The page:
AMSTERDAM – easyJet today announced a multi-million pound fleet-wide investment in the latest flight software. This will help the airline to achieve significant and permanent CO2 reductions in the short term. This new software enables the optimization of the aircraft’s descents.
The fleet-wide introduction of Descent Profile Optimization (DPO) and Continuous Descent Approach (CDA) on all suitable aircraft will deliver fuel – and thus CO2 reductions. A noise reduction also applies to aircraft equipped with CDA. By this time next year, once the upgrades are complete, easyJet will have the largest fleet of aircraft with DPO and CDA support in the world. This leads to an estimated annual CO2 reduction of 88,600 MT CO2. This is equivalent to driving the average car 16,173 times around the world.
DPO is a fuel saving initiative that updates the Flight Management System (FMS) to consistently enable more efficient descents. The aircraft then becomes longer in the cruise phase and the deceleration level decreases. This also reduces CO2 emissions. CDA also minimizes noise pollution during descent, which contributes positively to residents around airports.
At the same time as this announcement, easyJet is launching its Net Zero Roadmap to achieve net zero CO2 emissions by 2050. The airline’s ultimate ambition is to switch to technology without CO2 emissions. Meanwhile, easyJet is focused on reducing CO2 emissions in the short term and achieving its science-based target; a 35 percent improvement in CO2 emission intensity by FY2035, based on an FY2020 baseline.
In the short term, constant improvements help reduce airlines’ CO2 emissions. Since 2000, easyJet has already reduced its CO2 emissions per passengers per kilometer by a third. A combination of fleet renewal and efficient operations played a major role in this. In the coming years, easyJet will continue to invest in fleet renewal. Among other things with a billion dollar investment in new Airbus A320neo family aircraft. These are 15 percent more fuel efficient and 50 percent quieter than the aircraft they will replace.
Captain David Morgan, easyJet’s interim COO, said: “While our ultimate ambition is to fly with zero CO2 emissions, we must continue to focus every day on reducing CO2 emissions in our operation. That is why the multi-million pound investment in DPO and CDA an important step in achieving a permanent reduction in the near term. This will allow us to operate the largest fleet of aircraft with DPO and CDA support in the world.”
“However, a crucial element to reduce CO2 emissions today cannot be achieved by industry alone. That is why we also call on governments to modernize the airspace now, including the implementation of the common European sky).”
Wouter van Wersch, Airbus Executive Vice President, Region and Sales Europe, said: “We are delighted that easyJet will deploy this ground-breaking technology across its entire fleet of Airbus A320 family aircraft. Reducing emissions from aviation is most successful , when we work together as one team – aircraft manufacturers together with airlines and air traffic control. By combining the use of DPO and CDA, easyJet will further reduce its petroleum consumption and optimize the flight routes of all its flights.”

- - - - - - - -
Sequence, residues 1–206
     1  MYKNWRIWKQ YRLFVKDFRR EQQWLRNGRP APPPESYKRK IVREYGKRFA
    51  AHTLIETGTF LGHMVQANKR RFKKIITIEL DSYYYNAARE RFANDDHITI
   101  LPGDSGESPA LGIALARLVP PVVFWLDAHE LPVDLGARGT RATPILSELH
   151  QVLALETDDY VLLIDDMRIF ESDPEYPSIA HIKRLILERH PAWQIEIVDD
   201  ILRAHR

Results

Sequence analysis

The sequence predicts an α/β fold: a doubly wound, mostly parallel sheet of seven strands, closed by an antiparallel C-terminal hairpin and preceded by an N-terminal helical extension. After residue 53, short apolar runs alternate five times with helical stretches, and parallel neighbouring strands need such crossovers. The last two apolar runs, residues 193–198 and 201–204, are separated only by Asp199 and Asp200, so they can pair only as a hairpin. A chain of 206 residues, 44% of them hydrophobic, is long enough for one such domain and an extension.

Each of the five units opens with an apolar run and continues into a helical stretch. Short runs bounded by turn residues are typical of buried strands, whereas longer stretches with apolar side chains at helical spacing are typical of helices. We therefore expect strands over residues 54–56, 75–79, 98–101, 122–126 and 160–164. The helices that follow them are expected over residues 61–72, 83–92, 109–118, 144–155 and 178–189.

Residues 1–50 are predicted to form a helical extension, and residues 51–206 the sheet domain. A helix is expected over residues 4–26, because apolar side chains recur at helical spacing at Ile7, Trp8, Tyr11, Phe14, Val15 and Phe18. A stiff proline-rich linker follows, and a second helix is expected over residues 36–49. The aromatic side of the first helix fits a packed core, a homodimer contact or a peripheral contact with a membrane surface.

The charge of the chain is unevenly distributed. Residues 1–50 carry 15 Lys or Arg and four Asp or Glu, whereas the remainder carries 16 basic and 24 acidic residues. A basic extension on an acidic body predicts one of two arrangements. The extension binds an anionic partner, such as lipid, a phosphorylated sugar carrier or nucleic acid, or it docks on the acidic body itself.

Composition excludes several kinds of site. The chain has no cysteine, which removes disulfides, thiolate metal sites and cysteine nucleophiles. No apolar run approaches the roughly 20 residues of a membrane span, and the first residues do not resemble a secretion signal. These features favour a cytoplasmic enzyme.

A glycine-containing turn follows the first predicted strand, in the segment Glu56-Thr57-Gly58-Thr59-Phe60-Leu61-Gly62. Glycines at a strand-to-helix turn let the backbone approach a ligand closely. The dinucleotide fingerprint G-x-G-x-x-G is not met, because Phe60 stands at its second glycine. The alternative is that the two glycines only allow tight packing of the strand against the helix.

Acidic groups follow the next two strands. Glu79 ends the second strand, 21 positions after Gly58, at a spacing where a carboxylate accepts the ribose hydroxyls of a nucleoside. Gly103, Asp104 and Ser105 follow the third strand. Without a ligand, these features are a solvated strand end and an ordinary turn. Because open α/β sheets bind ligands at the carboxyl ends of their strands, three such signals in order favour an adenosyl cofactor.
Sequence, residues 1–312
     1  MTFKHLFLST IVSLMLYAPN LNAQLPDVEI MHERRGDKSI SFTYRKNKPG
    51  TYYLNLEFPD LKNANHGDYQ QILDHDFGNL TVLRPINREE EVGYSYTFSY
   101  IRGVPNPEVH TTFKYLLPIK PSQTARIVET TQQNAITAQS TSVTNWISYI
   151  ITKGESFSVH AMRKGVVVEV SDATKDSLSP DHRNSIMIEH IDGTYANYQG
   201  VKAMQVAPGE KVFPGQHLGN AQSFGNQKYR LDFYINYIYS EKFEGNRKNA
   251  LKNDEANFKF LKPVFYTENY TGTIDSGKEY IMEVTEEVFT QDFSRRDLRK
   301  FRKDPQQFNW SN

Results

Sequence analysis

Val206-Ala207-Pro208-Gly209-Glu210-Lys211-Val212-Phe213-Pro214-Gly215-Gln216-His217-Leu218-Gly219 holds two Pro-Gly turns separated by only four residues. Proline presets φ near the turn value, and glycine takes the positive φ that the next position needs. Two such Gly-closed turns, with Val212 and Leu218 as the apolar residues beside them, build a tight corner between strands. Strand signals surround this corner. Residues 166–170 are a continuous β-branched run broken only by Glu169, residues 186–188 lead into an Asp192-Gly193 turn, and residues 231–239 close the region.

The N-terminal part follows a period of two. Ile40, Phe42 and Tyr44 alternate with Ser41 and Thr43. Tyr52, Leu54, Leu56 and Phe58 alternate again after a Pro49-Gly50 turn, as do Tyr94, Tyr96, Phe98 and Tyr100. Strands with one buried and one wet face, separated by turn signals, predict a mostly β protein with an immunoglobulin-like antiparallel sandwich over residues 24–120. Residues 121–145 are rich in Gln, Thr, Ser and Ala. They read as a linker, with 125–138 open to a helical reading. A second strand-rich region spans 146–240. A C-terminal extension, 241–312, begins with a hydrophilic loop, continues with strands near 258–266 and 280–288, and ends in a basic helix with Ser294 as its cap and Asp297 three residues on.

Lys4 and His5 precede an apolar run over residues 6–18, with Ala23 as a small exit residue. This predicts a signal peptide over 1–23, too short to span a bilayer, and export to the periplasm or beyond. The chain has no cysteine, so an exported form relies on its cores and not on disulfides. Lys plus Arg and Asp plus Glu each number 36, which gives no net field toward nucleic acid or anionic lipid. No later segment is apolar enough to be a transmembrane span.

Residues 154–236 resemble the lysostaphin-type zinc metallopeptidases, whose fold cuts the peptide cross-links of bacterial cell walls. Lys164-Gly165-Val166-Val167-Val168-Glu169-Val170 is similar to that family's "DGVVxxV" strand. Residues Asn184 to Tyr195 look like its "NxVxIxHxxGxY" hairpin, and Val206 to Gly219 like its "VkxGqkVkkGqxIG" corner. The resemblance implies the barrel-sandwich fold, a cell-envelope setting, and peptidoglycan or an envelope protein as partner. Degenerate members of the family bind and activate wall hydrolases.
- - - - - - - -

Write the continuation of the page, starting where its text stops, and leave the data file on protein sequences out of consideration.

Current initiatives to reduce CO2 emissions
Today’s announcement comes on top of a number of initiatives that the airline is already undertaking to reduce CO2 emissions.
Eg. adapted to standard operating procedures to allow single engine taxi on arrival and departure. Also, the use of APUs is reduced. Advanced weather information is also used to improve navigation performance, and the engine is washed to remove debris, improving air turbine performance.
The airline is also implementing new software and artificial intelligence to identify additional operational efficiencies. easyJet uses SkyBreathe®, a solution developed by OpenAirlines that leverages information from the cloud, artificial intelligence and big data. This allows airlines to save fuel and reduce their CO2 footprint by up to 5 percent.
This is complemented by aircraft efficiency collaborations with key stakeholders such as Airbus, Collins Aerospace, NATS and Eurocontrol. easyJet has this year received Airbus’s first A320neo, equipped with the latest Satellite Landing System (SLS) technology. It helps improve the efficiency of its operations and reduce fuel consumption. In addition, the airline continuously collects feedback from its pilots on how further CO2 savings can be achieved and implemented.
Common European Sky
Modernization of the airspace is a crucial element in reducing CO2 emissions today. This can only be achieved with the help and political will of governments and stakeholders and is essential for the entire industry. If implemented, it would be the most important source of CO2 reduction today. More direct flight paths lead to shorter flight times, which reduces fuel consumption and the resulting emissions.
easyJet works with stakeholders and public authorities across Europe to advocate for airspace modernisation. Examples of this are projects such as the Single European Sky and the UK Airspace Modernization Programme. For example, Single European Sky has expressed the ambition to achieve 10 percent CO2 savings from European aviation. easyJet is also a founding member of the European ATM Research (SESAR) 3 Joint Undertaking. This is a European public-private partnership that accelerates the creation of the digital European airspace.
In addition, easyJet recently became the first airline evaluation partner for IRIS. This is a ground-breaking air traffic management program led by Inmarsat. Together with the European Space Agency and Airbus, they are the world leaders in satellite communications and are paving the way for more efficient air traffic. They do this by acting as a resource for systems that minimize flight delays, save fuel and help reduce the environmental impact of air travel.